The UK's longstanding skills gap has proved a headache for both the government and employers for a number of years now. Employers often struggle to find potential employees with the required skills for the roles they need to fill. Consequently, the skills shortage has accentuated the divide between London and the south east of England and the rest of the country.
The government recently announced its Lifetime Skills Guarantee, which will create a post-16 and adult education and training system. It is the latest of several schemes aimed at closing the skills gap and levelling up the UK's economy. Here, we consider some of the solutions being proposed.
Damaged labour market
The coronavirus (COVID-19) recession has caused significant damage to the UK labour market and has led to fears of a 'brittle' and 'rigid' UK workforce that lacks the vital skills the economy requires in order to forge a recovery.
This was highlighted recently by research carried out by manufacturers' organisation Make UK, which revealed that a record level of Apprenticeship Levy funds expired in 2020 without being spent by businesses.
The research revealed that £1,039 million in Levy funds expired in the nine months from May 2020 without being spent by firms. Expired funds cannot be used.
Make UK has urged the government to extend the lifetime of the funds from 24 to 36 months for a period of one year in order to help businesses recover from the coronavirus pandemic.
Business groups say that apprenticeships and training schemes are key to unlocking the recovery and building a strong industrial base in the UK.
The Lifetime Skills Guarantee
As part of efforts to upskill the UK's workforce and meet Prime Minister Boris Johnson's levelling up agenda the government is introducing the Lifetime Skills Guarantee. This will create a post-16 and adult education and training system that aims to provide opportunities to train throughout a lifetime.
- a new student finance system, which will give every adult access to a flexible loan for higher-level education and training at university or college, useable at any point in their lives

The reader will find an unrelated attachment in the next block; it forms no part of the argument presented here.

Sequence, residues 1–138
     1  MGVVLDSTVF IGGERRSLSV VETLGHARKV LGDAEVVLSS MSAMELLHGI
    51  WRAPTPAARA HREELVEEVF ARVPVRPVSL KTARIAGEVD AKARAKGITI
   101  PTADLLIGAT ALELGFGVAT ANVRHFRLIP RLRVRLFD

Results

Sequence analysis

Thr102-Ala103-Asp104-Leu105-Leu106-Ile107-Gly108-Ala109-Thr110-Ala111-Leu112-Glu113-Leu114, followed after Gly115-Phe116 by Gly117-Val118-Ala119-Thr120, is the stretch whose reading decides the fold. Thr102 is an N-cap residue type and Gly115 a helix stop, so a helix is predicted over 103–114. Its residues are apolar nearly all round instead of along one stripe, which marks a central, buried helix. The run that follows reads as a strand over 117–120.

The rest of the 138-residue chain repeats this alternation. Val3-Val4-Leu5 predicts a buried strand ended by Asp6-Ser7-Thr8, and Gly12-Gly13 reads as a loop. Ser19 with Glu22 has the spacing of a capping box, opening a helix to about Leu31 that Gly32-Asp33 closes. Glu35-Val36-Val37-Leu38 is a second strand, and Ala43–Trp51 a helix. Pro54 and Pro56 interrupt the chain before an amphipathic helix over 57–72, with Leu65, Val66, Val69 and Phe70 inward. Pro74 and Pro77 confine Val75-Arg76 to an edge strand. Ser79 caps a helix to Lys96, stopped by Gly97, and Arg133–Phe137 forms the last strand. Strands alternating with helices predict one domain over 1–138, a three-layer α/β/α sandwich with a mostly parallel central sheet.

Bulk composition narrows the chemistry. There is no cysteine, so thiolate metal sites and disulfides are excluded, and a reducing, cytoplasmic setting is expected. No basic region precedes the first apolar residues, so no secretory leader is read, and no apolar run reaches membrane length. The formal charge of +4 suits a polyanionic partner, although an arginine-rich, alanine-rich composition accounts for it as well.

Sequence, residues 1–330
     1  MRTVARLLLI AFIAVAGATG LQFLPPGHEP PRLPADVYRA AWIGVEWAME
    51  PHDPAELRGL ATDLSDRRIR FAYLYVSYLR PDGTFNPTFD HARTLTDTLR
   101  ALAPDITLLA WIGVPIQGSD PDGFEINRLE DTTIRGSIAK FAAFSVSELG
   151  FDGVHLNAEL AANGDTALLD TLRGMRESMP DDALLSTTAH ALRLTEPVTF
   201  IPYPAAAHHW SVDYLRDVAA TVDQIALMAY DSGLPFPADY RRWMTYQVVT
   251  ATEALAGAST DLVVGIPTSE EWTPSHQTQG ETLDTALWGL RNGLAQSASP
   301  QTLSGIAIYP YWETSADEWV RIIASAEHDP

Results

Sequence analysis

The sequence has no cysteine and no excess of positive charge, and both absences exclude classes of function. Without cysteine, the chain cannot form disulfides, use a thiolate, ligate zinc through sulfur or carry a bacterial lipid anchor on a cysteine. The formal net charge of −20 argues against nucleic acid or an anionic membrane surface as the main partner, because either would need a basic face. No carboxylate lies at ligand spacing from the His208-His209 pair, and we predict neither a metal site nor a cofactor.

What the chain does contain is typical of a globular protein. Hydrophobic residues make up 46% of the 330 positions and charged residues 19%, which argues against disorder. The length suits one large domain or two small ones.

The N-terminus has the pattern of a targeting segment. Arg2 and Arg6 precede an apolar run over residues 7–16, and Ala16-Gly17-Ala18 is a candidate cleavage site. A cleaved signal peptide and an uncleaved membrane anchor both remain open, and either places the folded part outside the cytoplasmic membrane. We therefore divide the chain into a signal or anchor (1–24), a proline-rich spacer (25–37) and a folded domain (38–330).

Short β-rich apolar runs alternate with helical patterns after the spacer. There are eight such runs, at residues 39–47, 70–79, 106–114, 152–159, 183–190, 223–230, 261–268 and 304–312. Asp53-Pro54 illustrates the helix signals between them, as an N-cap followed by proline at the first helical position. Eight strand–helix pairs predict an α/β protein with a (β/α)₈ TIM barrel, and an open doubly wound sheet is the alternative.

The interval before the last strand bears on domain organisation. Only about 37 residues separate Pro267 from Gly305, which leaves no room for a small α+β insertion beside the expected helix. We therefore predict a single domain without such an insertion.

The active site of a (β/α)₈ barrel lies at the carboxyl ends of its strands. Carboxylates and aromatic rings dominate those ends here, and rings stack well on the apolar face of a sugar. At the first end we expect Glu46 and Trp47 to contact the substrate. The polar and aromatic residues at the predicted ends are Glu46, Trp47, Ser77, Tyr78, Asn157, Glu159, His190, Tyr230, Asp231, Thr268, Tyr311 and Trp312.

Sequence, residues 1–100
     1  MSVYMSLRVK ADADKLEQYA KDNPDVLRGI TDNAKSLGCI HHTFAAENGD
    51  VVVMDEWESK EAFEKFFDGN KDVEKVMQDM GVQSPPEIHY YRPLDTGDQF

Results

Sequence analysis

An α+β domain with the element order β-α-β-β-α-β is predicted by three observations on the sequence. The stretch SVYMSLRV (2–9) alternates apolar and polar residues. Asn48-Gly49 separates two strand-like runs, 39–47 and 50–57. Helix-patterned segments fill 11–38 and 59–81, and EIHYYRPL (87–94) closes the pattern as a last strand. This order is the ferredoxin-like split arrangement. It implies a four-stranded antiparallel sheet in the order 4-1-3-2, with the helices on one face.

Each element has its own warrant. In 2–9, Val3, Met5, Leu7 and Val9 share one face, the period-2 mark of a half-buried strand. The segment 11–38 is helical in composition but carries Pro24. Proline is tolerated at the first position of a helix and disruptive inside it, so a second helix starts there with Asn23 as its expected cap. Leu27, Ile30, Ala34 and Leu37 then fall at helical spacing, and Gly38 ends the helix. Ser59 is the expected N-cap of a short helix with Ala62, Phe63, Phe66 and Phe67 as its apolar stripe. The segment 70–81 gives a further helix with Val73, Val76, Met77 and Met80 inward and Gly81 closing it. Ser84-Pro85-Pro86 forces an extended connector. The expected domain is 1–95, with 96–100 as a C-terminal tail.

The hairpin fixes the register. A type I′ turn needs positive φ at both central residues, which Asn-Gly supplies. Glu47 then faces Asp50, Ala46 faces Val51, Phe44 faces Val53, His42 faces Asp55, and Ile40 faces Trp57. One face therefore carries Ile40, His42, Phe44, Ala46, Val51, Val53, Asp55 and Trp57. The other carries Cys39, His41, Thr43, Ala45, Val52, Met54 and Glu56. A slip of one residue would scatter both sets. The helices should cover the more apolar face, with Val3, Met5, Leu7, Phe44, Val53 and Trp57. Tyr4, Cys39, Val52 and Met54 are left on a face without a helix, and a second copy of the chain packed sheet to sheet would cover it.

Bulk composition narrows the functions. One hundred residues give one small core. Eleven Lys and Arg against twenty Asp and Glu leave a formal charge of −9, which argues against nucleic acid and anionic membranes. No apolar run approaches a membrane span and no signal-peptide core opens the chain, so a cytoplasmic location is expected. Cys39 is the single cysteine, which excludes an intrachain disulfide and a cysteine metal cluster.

- employers will have a statutory role in planning publicly-funded training programmes with education providers, through a 'Skills Accelerator' programme
These build on schemes already underway to update the skills and training offer across the country, including the introduction of new T Level courses and access to free, job-relevant 'bootcamp' courses.
The government says the restructured skills system will put local employers at the centre of skills provision through the 'Skills Accelerator programme'.
The programme will build stronger partnerships between employers and their local Further Education colleges, or other local training providers, ensuring that provision meets local needs in sectors including construction, digital, clean energy and manufacturing.
The Kickstart Scheme
The government's £2 billion Kickstart Scheme opened last year for employer applications.
It aims to create work placements for young people who are at risk of becoming unemployed for the long-term. Businesses can join the scheme, with the government paying employers £1,500 to help set up support and training.
Selected out-of-work young people will be offered six-month work placements for at least 25 hours a week to help them gain experience, skills and confidence. The scheme is designed to be a steppingstone to further employment and runs until December 2021.
However, the Confederation of British Industry (CBI) has urged the government to extend the Kickstart Scheme to help young people who are bearing the brunt of the subdued job market.
The CBI says the extra lockdown at the beginning of the year means it needs to stay open for longer to allow businesses the time to deliver opportunities for young people.
In creating a skills system which is fit for the future, the government needs to ensure that the ambitions to drive up the quality of post-16 education and training to meet employer needs are made a reality.
International skills benchmarking shows the UK needs to catch up on other major global economies in valuing high-quality skills to help drive economic competitiveness and productivity.
By raising standards for young people and employers to not only help attract more inward investment to boost job creation and economic recovery but also support the government's levelling up agenda.
As we continue down the roadmap out of lockdown businesses are looking to the future. It is vital they invest wisely, using the available government support, to develop a skilled and motivated workforce.
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